HELLO and welcome to the 78th installment of Things I Read That I Love, wherein I share with you some of the longer-form journalism/essays I’ve read recently so that you can read them too and we can all know more about The Bling Ring! This “column” is less feminist/queer focused than the rest of the site because when something is feminist/queer focused, I put it on the rest of the site. Here is where the other things are.
The title of this feature is inspired by the title of Emily Gould’s tumblr, Things I Ate That I Love.
Twenty-Seven (May 2013), by Lauren Westerfield for The Rumpus – The author was warned, with the other women during her first week of college, that “based on current statistics, one in four of you young women will be the victim of a sexual assault.” The author did not become that one in four. But her mother did, when her mother was 27. Now the author is 27 and her mother is 60 and this is when she hears her mother’s story for the first time.
Life and Death in Lefrack City (March 2013), by Nell Gluckman for narrative.ly – “In a bleak apartment complex beside the Long Island Expressway, three families struggle to protect their children from a cycle of violence that proves inescapable.”
The Suspects Wore Louboutins (March 2010), by Nancy Jo Sales for Vanity Fair – Vanessa kept talking about “The Bling Ring” so I had to see what all the fuss was about. “The most audacious burglary gang in recent Hollywood history–accused of stealing more than $3 million in clothing and jewelry from Paris Hilton, Lindsay Lohan, and other stars–appears to be a bunch of club-hopping Valley kids, motivated by vanity and celebrity-worship.”
The American Way of Teeth (May 2013), by Hugh Aldersey-Williams for Zocalo Public Square – As an American who is completely totally irrationally and obsessively obsessed with her teeth and the state of her teeth and how much she would like cosmetic dentistry to fix her teeth, I found this article about why Americans became obsessed with teeth of great interest.
The Bacon-Wrapped Economy (March 2013), by Ellen Cushing for The East Bay Express – This is really interesting and frightening, especially about the insularity of the tech world breeding unabashed exceptionalism in very young men. “Tech has brought very young, very rich people to the Bay Area like never before. And the changes to our cultural and economic landscape aren’t necessarily for the better.”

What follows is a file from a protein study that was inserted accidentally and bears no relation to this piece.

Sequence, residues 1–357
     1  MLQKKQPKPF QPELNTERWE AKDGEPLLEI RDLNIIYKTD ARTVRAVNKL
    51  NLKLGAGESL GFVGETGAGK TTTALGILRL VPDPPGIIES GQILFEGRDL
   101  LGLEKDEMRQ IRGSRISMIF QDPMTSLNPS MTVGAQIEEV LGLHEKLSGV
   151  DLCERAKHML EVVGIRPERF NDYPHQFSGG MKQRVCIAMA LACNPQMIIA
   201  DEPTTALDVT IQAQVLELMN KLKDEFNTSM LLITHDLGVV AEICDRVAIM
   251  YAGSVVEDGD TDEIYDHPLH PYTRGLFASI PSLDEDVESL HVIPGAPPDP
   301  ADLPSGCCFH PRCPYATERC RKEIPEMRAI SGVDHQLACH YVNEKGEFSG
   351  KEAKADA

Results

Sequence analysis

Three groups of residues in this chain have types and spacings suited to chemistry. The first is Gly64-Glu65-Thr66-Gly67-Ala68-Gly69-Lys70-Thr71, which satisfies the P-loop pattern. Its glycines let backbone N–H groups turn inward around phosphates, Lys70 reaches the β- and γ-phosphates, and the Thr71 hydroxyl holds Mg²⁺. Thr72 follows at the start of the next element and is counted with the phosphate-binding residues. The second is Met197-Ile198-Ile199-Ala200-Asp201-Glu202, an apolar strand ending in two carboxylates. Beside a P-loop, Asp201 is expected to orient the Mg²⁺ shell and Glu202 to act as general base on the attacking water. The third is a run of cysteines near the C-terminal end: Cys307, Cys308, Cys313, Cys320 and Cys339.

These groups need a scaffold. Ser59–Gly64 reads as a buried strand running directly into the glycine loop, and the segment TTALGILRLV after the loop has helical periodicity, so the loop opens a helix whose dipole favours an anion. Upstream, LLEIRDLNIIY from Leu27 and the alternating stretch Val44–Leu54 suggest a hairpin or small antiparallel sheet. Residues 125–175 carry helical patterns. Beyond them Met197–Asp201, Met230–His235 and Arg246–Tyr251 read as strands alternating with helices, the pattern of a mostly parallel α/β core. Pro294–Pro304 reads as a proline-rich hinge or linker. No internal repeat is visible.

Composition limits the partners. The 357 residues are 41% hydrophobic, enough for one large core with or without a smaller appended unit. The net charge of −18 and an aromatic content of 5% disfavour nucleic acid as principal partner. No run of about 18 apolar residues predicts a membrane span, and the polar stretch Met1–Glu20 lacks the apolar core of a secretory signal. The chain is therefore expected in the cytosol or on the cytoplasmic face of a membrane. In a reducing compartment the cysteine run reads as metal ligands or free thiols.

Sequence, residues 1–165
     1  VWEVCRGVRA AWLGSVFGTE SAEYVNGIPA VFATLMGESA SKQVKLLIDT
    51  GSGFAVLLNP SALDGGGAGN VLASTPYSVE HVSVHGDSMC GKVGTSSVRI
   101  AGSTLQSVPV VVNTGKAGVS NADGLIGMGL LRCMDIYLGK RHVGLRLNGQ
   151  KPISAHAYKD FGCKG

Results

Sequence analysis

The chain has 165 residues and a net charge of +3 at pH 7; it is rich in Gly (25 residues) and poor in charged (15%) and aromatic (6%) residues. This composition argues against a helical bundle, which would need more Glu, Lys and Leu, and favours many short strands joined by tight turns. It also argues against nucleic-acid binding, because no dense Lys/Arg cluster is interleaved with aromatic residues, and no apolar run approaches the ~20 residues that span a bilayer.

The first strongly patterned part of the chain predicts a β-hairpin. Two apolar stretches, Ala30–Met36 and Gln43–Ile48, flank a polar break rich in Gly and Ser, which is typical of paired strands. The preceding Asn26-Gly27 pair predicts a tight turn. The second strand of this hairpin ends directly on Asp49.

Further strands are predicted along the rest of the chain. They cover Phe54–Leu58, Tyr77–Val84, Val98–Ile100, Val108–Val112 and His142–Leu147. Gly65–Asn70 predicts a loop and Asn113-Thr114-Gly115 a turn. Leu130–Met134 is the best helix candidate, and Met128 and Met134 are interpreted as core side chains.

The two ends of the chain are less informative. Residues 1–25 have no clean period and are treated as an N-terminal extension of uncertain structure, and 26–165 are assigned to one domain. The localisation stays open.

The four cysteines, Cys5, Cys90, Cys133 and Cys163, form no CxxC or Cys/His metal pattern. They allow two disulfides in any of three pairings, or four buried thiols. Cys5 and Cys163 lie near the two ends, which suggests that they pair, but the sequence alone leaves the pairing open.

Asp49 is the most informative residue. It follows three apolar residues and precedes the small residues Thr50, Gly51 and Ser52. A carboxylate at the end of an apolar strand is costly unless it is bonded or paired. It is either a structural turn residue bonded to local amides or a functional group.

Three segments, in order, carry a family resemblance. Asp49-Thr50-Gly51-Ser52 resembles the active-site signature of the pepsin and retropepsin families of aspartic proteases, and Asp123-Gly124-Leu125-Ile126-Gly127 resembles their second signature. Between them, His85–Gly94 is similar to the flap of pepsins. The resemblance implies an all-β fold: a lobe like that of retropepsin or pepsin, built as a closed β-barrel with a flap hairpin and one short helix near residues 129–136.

An Oral History of UCB Theater Partying and “Awkward Sexuality” (June 2013), by Brian Raftery for New York Magazine – “To this day, UCB is part high school, part rehab, part training camp, part substitute family, part junior college for life. And you have to figure out how to manage this high school without anybody blowing it up.”
Selling the South to Southerners (March 2013), by Corbie Hill for Creative Loafing Charlotte – “It isn’t just the country music world that banks on such “down-home” signifiers, though. Southern identity is so hot right now. Look no farther than reality TV, which teems with alligator wrestlers, child beauty queens and teen moms from Tennessee and coastal North Carolina. It seems the South is everywhere you look — or at least an exaggerated entertainment industry version of it. While the people portrayed in these series are ostensibly real, the camera’s relentless focus on “hick” outliers offers short shrift to the everyday South.”
East Side Story (November 1986), by Michael Stone for New York Magazine – This is about the Robert Chambers / Jennifer Levin case, otherwise known as “The Preppy Murder Case.” The last page of this article notes that “The trial itself is likely to hinge on the precise circumstances of her death” but, of course, the focus of the trial ended up being the character assassination and victim-blaming of Jennifer Levin because she, you know, liked sex and drank alcohol and stuff.
The Killer Crush (October 2012), by Rachel Monroe for The Awl – “In some ways, the Columbiners are not so different from the Beliebers. The main difference, of course, is that Justin Bieber is unattainable because he’s a famous pop musician, while Harris and Klebold are famous because they are murderers, and unattainable because they are dead. But a girl with a crush has more in common with another girl with a crush than she does with a regular civilian.”
How Young Community Entrepreneurs are Rebuilding Detroit (April 2013), by Chuck Salter for Fast Company – Looks at a handful of entrepreneurs breaking new ground in Detroit and the struggles facing Detroit in general and whether or not these initiatives will do anything and who may be left behind. Since I grew up and my family still lives outside Detroit, I could read about Detroit all day and all night and all the next day too. (Also, read this comment.)
A few shorter pieces that I read this week that were super-good:
A Religion of Colorblind Policy (May 2013), by Ta-Nehsi Coates for The Atlantic – “This is how segregation compromises the power of black community. It takes a societal ill — say a lack of insurance — and then concentrates it one community. Members of the whole community, uninsured and not, feel the effects of this to varying degrees, and a problem that is truly American somehow becomes “black.” The black uninsured of Mississippi — a majority of the uninsured of the state — are not going to be evenly distributed among the various networks of the state. They are going to be concentrated in one particular network.”
Gone But Not Forgotten (April 2013), by Ryan Bromsgrove for VUE Weekly – This is about how First Nation women are often killed or go missing and nobody does anything about it because racism.
In Florida, a Food-Stamp Recruiter Deals With Wrenching Choices (April 2013), by Eli Saslow for The Washington Post – The life of a SNAP recruiter who focuses on getting senior citizens to enroll in the program because only 38 percent of eligible seniors will enroll.